We were a tight, insulated group, and this is what increased our chances of staying safe from foes, as well as from law enforcement. There was a true bond, a real brotherhood. We were willing to give and risk our lives for one another — we were each our brother’s keeper.
There were a bunch of warring factions during this time as well. Many of those at war had at one time been really close friends and down with each other before beefing. The fallout and deaths from the various wars within our world helped define the landscape of that era.
How’d you get busted, and what happened after that?
It was November 1994. When I was arrested, I was on the cusp of signing a major distribution deal for my music company, BOSS Records. I had quit hustling two years prior, and though I knew I was being followed, I did not overly worry about any investigation since all my energies were directed toward my numerous legitimate businesses. Nonetheless, the government wasn’t going to let me go in peace. I was arrested under the federal kingpin statutes, which held mandatory life sentences. But I was more surprised that the vast majority of my 21 codefendants were family members who had no drug ties, and not the numerous others who I had done actual business with over the years.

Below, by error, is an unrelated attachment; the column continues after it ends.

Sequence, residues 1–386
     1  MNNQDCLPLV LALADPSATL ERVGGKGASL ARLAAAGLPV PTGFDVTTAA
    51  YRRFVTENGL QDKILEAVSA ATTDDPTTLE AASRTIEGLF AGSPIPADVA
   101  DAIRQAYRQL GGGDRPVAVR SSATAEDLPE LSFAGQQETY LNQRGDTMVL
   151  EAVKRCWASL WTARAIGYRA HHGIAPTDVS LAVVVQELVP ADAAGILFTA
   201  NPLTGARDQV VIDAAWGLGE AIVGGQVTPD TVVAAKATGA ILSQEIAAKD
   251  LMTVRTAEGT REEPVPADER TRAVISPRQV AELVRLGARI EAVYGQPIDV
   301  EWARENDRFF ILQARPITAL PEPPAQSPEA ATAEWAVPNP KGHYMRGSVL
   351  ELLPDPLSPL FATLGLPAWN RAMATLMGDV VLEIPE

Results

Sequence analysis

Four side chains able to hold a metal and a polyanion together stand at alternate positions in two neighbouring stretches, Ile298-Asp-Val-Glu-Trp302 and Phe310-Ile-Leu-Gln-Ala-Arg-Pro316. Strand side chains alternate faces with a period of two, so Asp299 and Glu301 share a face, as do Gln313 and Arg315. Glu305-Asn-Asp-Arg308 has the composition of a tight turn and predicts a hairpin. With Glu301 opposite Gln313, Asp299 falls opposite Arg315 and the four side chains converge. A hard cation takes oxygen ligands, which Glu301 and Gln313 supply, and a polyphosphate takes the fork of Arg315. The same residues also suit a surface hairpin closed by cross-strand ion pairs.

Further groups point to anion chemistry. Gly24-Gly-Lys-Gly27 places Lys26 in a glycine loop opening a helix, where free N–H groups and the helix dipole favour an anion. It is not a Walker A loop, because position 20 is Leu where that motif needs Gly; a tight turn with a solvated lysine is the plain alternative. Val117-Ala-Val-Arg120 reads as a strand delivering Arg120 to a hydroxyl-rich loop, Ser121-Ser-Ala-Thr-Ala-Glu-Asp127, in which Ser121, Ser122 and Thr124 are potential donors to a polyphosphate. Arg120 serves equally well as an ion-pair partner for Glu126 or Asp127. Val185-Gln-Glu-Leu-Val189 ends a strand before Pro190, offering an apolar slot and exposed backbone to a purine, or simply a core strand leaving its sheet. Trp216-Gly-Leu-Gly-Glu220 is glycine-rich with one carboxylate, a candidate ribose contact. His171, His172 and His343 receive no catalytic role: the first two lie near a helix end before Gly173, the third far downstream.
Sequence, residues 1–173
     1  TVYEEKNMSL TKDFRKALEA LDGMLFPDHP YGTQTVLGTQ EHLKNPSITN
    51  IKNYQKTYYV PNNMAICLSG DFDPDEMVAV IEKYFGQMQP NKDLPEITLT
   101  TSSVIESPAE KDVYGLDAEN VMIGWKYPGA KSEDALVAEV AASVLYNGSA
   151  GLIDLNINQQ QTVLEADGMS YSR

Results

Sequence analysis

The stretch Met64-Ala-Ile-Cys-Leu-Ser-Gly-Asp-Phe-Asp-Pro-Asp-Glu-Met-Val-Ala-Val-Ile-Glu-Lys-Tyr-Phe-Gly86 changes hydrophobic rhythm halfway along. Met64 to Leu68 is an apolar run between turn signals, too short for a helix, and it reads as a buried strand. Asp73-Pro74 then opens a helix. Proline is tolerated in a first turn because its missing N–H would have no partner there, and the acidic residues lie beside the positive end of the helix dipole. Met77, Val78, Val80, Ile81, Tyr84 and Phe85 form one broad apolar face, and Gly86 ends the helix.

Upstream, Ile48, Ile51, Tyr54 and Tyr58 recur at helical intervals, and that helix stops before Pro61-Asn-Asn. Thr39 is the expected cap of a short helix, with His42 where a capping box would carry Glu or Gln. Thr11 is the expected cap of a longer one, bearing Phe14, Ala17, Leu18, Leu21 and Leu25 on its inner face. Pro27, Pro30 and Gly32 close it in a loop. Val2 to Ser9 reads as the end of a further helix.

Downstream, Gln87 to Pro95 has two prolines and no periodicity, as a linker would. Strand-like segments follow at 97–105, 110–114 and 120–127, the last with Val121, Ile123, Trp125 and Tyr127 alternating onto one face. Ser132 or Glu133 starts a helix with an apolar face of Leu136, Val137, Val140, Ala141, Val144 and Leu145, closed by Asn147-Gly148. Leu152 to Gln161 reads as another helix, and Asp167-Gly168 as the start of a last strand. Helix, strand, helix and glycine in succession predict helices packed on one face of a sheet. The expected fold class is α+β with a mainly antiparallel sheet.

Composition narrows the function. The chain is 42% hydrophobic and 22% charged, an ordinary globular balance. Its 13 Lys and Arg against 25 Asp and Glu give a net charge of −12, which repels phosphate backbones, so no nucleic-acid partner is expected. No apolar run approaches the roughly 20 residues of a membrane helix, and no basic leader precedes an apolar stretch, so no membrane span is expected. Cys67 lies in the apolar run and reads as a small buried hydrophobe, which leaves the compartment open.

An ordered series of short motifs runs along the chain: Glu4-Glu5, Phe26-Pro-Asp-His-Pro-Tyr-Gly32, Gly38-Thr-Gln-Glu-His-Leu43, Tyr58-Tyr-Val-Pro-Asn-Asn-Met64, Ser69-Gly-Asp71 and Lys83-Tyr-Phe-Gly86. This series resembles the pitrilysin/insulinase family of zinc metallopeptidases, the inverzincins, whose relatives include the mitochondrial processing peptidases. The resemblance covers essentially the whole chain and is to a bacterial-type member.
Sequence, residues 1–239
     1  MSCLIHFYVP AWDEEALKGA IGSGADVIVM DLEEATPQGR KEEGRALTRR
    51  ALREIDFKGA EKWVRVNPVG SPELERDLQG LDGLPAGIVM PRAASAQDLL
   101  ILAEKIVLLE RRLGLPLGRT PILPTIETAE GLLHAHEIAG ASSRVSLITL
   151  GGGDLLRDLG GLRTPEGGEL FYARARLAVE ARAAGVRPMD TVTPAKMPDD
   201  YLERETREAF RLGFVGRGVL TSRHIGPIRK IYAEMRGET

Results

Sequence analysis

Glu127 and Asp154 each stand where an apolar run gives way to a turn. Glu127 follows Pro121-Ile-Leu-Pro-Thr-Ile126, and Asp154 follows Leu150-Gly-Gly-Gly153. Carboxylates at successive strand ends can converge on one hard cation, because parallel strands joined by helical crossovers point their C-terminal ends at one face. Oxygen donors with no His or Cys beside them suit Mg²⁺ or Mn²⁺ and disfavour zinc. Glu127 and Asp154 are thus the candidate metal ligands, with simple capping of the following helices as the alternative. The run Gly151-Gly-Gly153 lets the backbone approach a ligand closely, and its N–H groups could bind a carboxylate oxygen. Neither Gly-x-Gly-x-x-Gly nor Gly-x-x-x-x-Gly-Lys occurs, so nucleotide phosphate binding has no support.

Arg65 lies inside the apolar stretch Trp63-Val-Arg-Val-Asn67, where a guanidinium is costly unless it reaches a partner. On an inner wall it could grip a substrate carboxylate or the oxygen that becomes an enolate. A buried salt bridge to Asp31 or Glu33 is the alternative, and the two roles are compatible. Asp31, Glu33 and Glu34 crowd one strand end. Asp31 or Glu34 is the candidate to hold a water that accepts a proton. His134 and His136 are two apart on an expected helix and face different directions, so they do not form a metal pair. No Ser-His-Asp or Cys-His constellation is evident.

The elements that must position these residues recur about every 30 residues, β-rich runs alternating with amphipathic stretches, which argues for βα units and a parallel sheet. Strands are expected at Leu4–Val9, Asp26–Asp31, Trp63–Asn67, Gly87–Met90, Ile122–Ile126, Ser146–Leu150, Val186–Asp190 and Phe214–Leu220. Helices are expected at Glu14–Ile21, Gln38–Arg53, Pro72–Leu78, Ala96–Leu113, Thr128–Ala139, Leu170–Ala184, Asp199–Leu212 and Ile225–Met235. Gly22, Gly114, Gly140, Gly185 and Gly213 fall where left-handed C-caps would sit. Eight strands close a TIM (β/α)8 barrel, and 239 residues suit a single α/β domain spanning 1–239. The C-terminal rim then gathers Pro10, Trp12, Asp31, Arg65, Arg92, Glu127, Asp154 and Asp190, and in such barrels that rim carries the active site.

Over the course of a two-year investigation and more than 8,500 taped conversations, my arrest did not include one piece of evidence that suggested I was selling drugs. However, the charges against so many of my family members and acquaintances showed me the government’s strategy. They were trying to force a plea or cooperation from me with the threat of incarcerating my loved ones, despite the fact that they never had any role in the drug game other than benefiting from my generosity. Despite these threats, I took two cases to trial, where both resulted in mistrials: eight-four and ten-two in my favor. When it was all said and done, I was sentenced to 120 months.